Interview with Mick Quinn

Interviewer: What age were you when you remember … was it ever crossable when you were small?

Mick: It never was crossable unless on foot you know.

Interviewer: But there was enough to get you across.

Mick: Oh aye you just went across on foot.

Interviewer: And it was all stone?

Mick: It was all stone and there was two archways. My father crossed it with a horse and cart like in his day. He was born in 1900 and it was there at that time and it was there a hell of a lot earlier too.

Interviewer: Do you see the road … the road went up Crooknavick and went down and across here and where did it go when it … it went on up Cloghs?

Mick: No it went up here and it joined another road that came across from Cloughs and it went on up and it went out by Ballyeamon School, where Ballyeamon School was and over into Mullinaskeagh.

Interviewer: Oh right.

Mick: And it headed away out by Barrard then. I can show you that so I can.

Interviewer: I need to see Ballyeamon, I need to take a photo of where Ballyeamon School was. Is there anything left of Ballyeamon School or is it turned into a dwelling house?

Mick: Ballyeamon School is turned into a dwelling house.

Interviewer: So there is something.

Mick: Oh aye that’s there like. Ballyeamon school is there like only it’s a dwelling house now. I’ll show you now.

Interviewer: That would be brilliant. Why do you think it was called … was there ever a battle here? Why was it called Gallowglass?

Mick: I haven’t a clue.

Interviewer: Something to do with the Scottish …

Mick: It must have been. It’s a Scotch name anyway.

Interviewer: Yeah that’s right. You see with all this overgrowth now it’s hard to imagine …

Mick: It’s very hard to imagine …

Interviewer: The road.

Mick: Aye.

Interviewer: And was it called anything or was it just …

Mick: No it wasn’t. Do you see Gault’s Road now?

Interviewer: Aye.

Mick: Gault’s Road wasn’t in it. Gault’s Road is a new road as roads go because that would have been in it at the latter end of the 19th century sometime you know because I remember men that worked on it you know.

Interviewer: Building it?

Mick: Aye and this other road … if I was up here a bit I could show you where this road was, the ould road.

Interviewer: Because Ballyeamon School was actually on the old road.

Mick: It was aye.

Interviewer: Yeah. No I don’t think I would have found it on my own, definitely not. So it came down Crooknavick and over, it didn’t go over past that potato place, no? Kind of cut at an angle. That road that the potato place is on is new as well?

Mick: Is it? I’m not too sure about that.

Interviewer: I think there was a road in between kind of like you said at an angle coming down where McAlister’s lane is.

Mick: Do you see that ould road that you were on up where Andrew lives?

Interviewer: Yeah that goes up the Gallows Hill?

Mick: Aye.

Interviewer: Yeah.

Mick: That comes on up here.

Interviewer: Yeah.

Mick: Comes out up here. Well this road here joined it, this road here you see. This is where the road was here.

Interviewer: Oh right.

Mick: It joined it. I’ll show you. You see that road that I’m talking about, do you see that house there now?

Interviewer: Yeah.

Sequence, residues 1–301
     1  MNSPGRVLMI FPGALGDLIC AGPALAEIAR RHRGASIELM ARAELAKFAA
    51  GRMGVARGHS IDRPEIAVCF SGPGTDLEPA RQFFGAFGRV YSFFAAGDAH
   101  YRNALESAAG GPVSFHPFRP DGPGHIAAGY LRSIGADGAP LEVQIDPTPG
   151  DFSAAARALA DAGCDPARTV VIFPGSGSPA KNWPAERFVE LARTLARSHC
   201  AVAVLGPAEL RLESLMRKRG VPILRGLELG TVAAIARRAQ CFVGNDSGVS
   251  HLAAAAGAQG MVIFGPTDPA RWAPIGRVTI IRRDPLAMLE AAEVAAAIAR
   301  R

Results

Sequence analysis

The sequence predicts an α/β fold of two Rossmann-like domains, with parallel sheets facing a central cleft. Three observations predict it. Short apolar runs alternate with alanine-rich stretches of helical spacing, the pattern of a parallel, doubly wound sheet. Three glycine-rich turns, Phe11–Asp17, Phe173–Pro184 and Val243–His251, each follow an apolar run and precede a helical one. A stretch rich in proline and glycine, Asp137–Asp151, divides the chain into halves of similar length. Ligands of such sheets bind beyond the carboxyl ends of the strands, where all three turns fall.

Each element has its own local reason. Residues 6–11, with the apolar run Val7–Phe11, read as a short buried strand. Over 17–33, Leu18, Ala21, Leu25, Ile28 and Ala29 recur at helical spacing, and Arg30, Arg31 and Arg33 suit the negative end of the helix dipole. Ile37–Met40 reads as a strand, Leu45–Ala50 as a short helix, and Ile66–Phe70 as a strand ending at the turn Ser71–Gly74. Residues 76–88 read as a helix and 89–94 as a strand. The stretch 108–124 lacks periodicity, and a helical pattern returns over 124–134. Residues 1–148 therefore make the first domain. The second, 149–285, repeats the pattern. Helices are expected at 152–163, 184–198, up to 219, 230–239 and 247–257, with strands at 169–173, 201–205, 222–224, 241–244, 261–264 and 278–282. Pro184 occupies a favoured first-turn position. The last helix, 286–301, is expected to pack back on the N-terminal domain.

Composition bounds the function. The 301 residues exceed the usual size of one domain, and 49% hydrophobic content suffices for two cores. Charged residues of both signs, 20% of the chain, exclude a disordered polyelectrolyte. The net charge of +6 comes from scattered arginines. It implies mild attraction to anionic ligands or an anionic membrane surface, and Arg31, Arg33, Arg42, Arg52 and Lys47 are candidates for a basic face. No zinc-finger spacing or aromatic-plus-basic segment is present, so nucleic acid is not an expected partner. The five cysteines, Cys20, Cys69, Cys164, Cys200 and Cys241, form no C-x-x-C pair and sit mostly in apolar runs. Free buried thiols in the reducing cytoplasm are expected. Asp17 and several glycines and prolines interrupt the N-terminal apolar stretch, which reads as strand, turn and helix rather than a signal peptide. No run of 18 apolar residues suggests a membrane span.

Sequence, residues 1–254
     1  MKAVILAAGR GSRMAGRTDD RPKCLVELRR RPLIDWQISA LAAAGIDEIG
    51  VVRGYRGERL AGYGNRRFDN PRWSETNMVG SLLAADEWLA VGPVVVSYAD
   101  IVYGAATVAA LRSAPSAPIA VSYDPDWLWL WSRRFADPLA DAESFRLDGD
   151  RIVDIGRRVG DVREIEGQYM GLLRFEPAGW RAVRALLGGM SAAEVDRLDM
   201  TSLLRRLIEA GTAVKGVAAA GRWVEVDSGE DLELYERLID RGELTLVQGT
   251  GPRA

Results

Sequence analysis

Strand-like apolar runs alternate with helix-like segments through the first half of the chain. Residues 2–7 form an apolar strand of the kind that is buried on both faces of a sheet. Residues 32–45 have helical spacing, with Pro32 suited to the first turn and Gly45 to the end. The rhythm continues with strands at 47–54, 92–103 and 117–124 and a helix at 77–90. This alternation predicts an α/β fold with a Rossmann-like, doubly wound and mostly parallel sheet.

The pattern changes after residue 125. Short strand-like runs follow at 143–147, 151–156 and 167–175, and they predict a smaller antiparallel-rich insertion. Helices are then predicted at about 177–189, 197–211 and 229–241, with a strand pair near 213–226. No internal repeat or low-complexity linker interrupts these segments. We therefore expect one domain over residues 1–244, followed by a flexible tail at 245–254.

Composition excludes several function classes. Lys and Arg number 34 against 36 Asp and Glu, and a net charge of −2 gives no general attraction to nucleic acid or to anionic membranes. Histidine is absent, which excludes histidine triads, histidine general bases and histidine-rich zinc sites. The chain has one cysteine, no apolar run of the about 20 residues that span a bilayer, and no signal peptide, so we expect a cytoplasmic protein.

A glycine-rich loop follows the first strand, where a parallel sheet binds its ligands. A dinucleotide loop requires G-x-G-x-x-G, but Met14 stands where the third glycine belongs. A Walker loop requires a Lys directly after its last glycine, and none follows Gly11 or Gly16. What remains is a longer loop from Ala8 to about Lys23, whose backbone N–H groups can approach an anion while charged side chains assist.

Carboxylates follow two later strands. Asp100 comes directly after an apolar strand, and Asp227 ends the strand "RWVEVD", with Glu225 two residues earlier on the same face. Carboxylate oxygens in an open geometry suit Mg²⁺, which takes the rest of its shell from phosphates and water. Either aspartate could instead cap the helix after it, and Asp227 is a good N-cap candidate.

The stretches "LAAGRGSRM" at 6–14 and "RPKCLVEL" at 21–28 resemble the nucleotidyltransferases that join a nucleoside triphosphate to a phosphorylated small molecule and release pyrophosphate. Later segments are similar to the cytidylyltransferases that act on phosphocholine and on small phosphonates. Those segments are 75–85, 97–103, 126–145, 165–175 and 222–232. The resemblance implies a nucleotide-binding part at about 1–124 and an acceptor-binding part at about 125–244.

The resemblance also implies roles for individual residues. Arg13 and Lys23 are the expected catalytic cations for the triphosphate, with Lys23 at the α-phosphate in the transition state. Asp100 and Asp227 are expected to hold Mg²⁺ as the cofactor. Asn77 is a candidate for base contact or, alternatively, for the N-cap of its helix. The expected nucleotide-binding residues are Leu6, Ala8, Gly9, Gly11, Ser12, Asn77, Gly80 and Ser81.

Mick: That’s Danny McAlister, that’s Danny Dan, well that road came in over yonder at thon bungalow. It went up by that.

Interviewer: Right.

Mick: And went on up and it came out up at Maroo Bridge and then it went away up … wait until we go on up here a bit to I show you.

Interviewer: Aye it just stopped being used.

Mick: Och well you see they built Gault’s Road.

Interviewer: Yeah. Was Gault, was that one of the townlands?

Mick: No Gault’s Road was named after the man that built it.

Interviewer: Right.

Mick: A man by the name of Gault that built it.

Interviewer: So is there a road further on up the Glen from Ballyeamon Road to Gault’s Road. Is there any other sort of road that meets further on up?

Mick: No this is the only road that is connected through here.

Interviewer: Yeah. Whereabouts did you grow up?

Mick: I grew up near Maroo Bridge.

Interviewer: Right.

Mick: That place that you were taking about there, very close to it. It’s in the townland of Cloughs.

Interviewer: Did you go to Ballyeamon School?

Mick: I did aye.

Interviewer: Did you like school?

Mick: I did not. I was no scholar.

Interviewer: I know but I don’t think school at that time was maybe as much fun you know.

Mick: The teacher’s then had no sense at all you know.

Interviewer: They kind of made up their own rules.

Mick: And they were for nothing into the bargain because I seen a report on Ballyeamon School going away back oh a whole lot of years you know and …

Interviewer: Oh sugars.

Mick: Oh Jesus you’re up to the arse. Go back the way if you can.

Interviewer: Oh great. Oh Jesus. It didn’t look as soft as …

Mick: No it didn’t. Come up here and you’ll get a lot of grass.

Interviewer: I don’t care. It’s only muck.

Mick: Do you see Gault’s Road running up along there …

Interviewer: That straight hedge.

Mick: Aye.

Interviewer: Yeah.

Mick: Well do you see that house up yonder, the white house up yonder.

Interviewer: Yeah.

Mick: That’s Charlie McCurry’s, you know the boy that owns Harry’s there. That would be a brother of the wife’s. Well do you see the green field on this side of it.

Interviewer: Yeah.

Mick: At the top of that field, only it’s wild hard to see there’s a red shed, you just see the end of it.